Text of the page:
1) I used the board and graphics from the cards, however, I changed the cards by adding QR codes with answers onto them. Students don't need me to determine whether they're right or wrong 😁
2) In each turn a player rolls two dice: one is a normal 1-6 die for moving around the board; the other is a 1-4 die. The 1-4 die determines how many cupcake cards a player can collect for giving the right answer (you'll know why cupcakes when you see the original game board form Hot Chocolate Printables )
3) The game ends when all the players reach the finish line. They count their cupcakes. The player with the most cards wins the game.
I'd suggest letting students play in pairs or groups of three. Four would be the absolute maximum. They would get too bored waiting for their turn to come. Also, I might introduce a small hour glass as time limit for giving the answers.
I also needed some task cards for individual work. TeachersPayTeachers is full of them so there was no need for me to make my own. Take a look at the ones I bought for my students:
The sets with the orange wiggly frames come from Kirsten's Kaboodle and the other one form Elementary Engagement. Both sets have answer cards at the bottom of the pile. Once a student is ready they check their answers and make note of the ones they got wrong. They come up to me and either ask for explanation or, if they already know, tell me why they got the answer wrong, i.e. what they've just learnt 😊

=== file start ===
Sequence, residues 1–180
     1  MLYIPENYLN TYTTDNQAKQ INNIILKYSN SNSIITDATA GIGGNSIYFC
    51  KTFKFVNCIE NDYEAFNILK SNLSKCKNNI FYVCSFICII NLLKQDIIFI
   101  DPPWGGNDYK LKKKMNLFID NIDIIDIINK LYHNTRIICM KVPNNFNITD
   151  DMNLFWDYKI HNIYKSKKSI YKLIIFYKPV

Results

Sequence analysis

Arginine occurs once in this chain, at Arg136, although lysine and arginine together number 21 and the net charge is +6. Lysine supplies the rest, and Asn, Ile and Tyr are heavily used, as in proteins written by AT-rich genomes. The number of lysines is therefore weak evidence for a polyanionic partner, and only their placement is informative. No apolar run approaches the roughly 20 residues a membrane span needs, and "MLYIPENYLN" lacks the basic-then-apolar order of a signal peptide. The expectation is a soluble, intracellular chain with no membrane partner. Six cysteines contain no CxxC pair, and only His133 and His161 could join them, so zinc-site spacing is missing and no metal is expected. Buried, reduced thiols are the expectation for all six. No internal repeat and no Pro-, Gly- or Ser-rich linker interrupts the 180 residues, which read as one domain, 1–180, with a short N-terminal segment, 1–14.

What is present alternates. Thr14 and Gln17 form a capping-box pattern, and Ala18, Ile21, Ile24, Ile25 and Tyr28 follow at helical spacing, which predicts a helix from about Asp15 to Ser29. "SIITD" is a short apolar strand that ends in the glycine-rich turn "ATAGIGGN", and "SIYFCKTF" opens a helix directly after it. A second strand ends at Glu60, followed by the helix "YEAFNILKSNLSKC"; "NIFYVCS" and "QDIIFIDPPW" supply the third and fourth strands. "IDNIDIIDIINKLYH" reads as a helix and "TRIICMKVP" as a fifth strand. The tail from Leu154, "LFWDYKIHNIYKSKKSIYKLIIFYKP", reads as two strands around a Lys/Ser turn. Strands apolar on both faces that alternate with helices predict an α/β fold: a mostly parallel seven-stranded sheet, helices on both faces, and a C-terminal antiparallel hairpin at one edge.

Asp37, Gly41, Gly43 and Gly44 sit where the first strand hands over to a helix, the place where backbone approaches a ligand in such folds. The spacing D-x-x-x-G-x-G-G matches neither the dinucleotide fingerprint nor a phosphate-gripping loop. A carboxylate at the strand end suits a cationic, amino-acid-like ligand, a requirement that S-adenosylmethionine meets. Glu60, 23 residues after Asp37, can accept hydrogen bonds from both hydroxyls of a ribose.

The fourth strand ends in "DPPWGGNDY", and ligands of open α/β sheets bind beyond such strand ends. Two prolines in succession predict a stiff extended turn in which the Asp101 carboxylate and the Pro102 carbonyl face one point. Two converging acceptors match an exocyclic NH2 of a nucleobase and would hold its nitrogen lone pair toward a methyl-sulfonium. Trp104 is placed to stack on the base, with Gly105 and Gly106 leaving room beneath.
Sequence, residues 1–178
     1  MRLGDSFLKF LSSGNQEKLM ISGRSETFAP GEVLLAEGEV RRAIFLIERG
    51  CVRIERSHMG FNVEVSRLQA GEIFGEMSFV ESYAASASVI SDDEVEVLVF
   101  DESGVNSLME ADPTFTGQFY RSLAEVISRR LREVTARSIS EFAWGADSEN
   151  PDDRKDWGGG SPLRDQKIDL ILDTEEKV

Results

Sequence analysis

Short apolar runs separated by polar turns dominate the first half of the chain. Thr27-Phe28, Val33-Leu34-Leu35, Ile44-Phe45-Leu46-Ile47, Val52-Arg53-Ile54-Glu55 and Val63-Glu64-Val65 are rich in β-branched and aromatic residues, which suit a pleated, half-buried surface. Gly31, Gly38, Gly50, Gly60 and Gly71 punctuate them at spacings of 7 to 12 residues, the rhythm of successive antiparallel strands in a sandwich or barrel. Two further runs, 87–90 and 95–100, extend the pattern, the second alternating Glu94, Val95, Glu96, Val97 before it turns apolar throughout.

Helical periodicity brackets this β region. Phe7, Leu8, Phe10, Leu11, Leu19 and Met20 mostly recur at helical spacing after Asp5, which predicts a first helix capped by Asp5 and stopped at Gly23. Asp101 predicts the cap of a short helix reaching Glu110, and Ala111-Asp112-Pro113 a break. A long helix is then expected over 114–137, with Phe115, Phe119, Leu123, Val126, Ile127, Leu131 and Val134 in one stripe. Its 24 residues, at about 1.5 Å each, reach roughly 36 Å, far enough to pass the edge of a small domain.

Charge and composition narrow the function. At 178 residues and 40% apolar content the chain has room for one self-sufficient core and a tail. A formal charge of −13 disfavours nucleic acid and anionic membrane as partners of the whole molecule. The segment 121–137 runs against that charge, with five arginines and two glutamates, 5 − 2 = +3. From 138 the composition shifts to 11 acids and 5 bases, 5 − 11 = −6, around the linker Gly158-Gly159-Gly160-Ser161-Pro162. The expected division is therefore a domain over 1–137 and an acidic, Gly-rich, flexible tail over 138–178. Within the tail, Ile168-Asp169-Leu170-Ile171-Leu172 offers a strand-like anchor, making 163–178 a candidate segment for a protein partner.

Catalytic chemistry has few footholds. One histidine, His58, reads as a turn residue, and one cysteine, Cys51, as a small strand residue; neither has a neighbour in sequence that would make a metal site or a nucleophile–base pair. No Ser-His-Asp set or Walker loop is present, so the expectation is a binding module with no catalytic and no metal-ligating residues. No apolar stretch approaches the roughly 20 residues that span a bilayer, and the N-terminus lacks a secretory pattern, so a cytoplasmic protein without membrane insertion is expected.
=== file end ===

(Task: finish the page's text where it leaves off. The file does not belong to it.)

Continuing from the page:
Have I mentioned I like projects? Yes ... yes, I have! This time round it's going to be a simple booklet or a multimedia presentation with their opinions about things that are important to them. I imagine a lot of "Minecraft's good but Fortnite is better" 😂 Formula: one page/slide = one sentence + pictures. And then of course a presentation: I'm thinking of making the students listening to the person presenting either stand up or sit down depending on whether they agree or disagree with their opinion.
There you go! I hope you find something for yourselves in those activities and materials. I must admit that I'm not entirely sure if I'm done 😂 It is very likely that this post will get updated with more materials ... but don't quote me on that ... I'm on an adjective comparison hight right now 😜
Told you I'd be back writing this post 😅
I created an activity which I called "5 a day". Why? Cause I thought to myself: if my kids translate 5, and only 5, sentences EVERY DAY for the next two weeks, surely they will remember all the rules. We'll see if my logic is right in two weeks time 😛 For now, I give you "5 a day"
I didn't have envelopes which actually worked out great because I made those pockets with plain paper and a stapler. I printed the apples with each kid's name and stuck them on the pockets. Yes, before you ask, there's a lot of cutting involved. I wrote 50 sentences, and printed a copy for each student. I asked them to write numbers 1-50 in their notebooks and pick 5 sentences and translate them. They did just that and then .... they checked their answers using the QR codes!! YES, the answers are there, ready for the kids, no need for you to check every sentence 🎉🎉 Every student worked with their own sentences, there was no copying form each other or cheating. They know they're doing it to learn, not to please me or be graded for it.
And because I like you, I'm gonna share the sentences with you 😊 And ... I know there will be mistakes there, typos and what have you. So if you find any before my kiddos do (one already did, clever clogs!) do let me know so I can fix it for you and for them.
Have fun creating ;)